Entering into a negotiation with uncertainty is not necessarily a bad thing. Thinking that we know all of the answers before a negotiation starts can lead to less flexible, positional thinking. A reasonable agreement in divorce is different for each family. For that reason, we can enter into the negotiation with uncertainty about what is best for one particular family so long as we are flexible in considering available options and work in good faith to find the most reasonable solution. Some individuals chose to stay in limbo due to uncertainty about outcome. The uncertainty can lead to fear – that may prohibit productive thinking.
Here are some thoughts on how accepting uncertainty can help create movement in a family conflict.
- Acceptance: Accept that you may not have an answer as to what will work best for the unique needs of your family. Or, that there may be more than one answer.
- Create a Plan: Setting a plan with your spouse about how you will work together to find solutions establishes the groundwork for a better negotiation. Rather than focus on a particular solution, it is better to decide together about how you will reach mutual agreement. There are certain overall goals and priorities for each family. How to meet those goals and priorities requires open, flexible thinking. Spouses need to think about which process works best for their particular situation. Most spouses who want to make their own decisions chose an out-of-court settlement process such as mediation or collaborative divorce. Once a process is agreed upon, a separating couple chooses an experienced professional or professionals who work in that process. Next, the couple gathers information that will facilitate decision-making. The plan should include setting expectations about the time frame for reaching resolution and what will be communicated to the children, if anything, during this time.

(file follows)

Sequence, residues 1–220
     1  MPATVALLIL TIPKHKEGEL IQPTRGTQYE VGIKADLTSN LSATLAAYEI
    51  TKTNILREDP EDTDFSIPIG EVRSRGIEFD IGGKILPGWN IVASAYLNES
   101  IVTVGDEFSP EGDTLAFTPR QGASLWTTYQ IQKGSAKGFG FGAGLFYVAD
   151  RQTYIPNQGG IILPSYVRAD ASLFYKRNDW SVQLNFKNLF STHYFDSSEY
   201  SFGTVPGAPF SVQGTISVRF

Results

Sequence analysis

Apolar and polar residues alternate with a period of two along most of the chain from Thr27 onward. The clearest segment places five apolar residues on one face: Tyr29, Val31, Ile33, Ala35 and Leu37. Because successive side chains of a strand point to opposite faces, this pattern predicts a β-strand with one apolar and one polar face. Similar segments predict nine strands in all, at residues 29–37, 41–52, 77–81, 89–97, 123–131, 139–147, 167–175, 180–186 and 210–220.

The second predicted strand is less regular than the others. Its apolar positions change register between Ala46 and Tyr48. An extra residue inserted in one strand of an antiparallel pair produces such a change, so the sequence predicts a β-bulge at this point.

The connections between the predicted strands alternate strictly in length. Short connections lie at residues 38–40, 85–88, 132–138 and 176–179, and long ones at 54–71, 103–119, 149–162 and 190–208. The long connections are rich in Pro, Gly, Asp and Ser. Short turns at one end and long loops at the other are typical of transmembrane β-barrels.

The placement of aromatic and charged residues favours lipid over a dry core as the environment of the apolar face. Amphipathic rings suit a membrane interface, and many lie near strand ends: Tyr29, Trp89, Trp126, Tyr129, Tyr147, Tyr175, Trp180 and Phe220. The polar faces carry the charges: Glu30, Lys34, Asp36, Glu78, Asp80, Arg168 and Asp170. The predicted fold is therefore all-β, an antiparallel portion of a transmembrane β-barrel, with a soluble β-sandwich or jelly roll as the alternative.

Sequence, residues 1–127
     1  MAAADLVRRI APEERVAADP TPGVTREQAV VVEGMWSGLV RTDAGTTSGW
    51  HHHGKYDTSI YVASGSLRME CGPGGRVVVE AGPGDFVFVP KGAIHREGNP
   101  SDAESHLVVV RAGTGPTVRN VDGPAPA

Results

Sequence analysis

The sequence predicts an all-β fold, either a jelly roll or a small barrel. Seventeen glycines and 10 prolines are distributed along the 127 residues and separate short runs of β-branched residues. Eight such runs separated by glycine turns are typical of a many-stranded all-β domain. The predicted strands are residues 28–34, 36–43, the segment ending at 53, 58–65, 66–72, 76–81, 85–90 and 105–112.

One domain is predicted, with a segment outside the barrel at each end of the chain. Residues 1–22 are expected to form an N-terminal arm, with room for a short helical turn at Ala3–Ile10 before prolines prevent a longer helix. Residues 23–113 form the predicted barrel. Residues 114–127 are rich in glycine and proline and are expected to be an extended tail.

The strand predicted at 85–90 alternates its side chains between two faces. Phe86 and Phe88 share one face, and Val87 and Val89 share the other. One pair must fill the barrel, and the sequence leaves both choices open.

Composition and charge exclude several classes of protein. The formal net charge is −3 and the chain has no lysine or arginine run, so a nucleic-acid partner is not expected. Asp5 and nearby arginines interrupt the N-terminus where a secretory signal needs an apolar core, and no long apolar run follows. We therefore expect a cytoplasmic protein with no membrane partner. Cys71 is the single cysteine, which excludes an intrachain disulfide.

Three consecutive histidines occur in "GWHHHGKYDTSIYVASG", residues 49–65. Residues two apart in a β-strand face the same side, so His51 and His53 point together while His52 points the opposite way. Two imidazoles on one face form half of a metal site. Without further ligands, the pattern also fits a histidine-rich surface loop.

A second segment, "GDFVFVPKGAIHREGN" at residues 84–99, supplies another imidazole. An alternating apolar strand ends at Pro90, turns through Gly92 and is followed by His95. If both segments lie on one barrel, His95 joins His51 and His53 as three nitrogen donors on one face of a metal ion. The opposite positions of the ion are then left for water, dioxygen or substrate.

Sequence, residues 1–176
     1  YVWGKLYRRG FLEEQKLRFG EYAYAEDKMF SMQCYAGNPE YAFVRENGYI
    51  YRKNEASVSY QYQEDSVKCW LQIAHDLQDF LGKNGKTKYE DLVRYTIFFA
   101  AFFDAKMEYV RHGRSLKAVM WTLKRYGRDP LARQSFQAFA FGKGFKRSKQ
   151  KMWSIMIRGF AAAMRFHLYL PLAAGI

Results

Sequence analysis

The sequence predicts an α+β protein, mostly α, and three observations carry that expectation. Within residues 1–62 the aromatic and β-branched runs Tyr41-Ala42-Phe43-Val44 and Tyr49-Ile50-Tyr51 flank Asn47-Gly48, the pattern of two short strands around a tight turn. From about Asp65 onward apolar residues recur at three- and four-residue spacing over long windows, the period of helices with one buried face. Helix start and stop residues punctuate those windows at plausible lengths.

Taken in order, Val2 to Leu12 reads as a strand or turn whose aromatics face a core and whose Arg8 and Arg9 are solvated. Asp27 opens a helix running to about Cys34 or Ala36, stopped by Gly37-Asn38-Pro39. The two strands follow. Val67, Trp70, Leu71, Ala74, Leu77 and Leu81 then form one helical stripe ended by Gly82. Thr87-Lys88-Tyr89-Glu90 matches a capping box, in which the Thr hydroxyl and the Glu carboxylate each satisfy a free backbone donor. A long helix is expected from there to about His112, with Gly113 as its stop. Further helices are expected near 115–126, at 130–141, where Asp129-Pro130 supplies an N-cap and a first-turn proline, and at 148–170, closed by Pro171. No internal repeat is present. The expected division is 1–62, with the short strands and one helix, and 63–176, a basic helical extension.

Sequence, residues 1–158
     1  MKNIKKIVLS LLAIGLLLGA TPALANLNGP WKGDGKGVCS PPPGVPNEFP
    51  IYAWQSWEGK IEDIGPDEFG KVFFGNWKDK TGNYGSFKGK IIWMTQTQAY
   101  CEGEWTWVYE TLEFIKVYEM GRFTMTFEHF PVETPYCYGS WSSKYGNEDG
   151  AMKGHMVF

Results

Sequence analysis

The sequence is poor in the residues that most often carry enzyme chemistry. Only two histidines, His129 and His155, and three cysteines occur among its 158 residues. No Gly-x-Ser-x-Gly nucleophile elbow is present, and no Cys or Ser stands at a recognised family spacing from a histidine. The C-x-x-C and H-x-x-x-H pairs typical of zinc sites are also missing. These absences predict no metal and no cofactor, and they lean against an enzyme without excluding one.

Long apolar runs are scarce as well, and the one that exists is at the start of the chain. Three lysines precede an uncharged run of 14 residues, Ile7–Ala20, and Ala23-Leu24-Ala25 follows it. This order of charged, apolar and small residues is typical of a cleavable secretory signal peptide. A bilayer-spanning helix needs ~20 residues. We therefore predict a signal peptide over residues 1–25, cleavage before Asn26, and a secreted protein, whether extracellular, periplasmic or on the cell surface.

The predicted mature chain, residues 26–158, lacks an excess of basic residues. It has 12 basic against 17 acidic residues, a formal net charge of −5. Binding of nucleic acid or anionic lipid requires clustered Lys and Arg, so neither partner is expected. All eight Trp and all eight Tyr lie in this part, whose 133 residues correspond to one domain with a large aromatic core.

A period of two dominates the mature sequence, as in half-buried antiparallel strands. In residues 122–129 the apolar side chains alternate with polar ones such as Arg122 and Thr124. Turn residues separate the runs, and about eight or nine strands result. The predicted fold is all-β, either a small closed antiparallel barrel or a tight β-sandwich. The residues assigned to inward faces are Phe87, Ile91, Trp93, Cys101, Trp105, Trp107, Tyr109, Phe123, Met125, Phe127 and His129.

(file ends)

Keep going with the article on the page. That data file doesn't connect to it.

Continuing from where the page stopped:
- Remain open-minded: There is no singular solution to any family’s conflict. For that reason, flexible thinking and a willingness to listen to each other can lead to answers on how best to the meet the family’s needs. This also helps foster respectful negotiations.
- The roller coaster: The path to good solutions can sometimes be rocky. The discussions may become difficult at times because the negotiations are about important, life-changing issues. By remaining committed to work through the friction, it is possible to reach resolution.
- Working through differences: The tension between opposing ideas about what is best for the family can lead to new and better ideas when a couple commits to working through differences by listening and trying to understand opposing or alternative views. Hang in there when things get tough. An experienced professional can help facilitate working through differences in order to arrive at solutions.
A final note on uncertainty: Accepting uncertainty and resetting expectations about how to resolve family conflict can help manage a conflict that feels intractable. Couples can then work to resolve serious differences and build a more positive relationship as co-parents moving forward.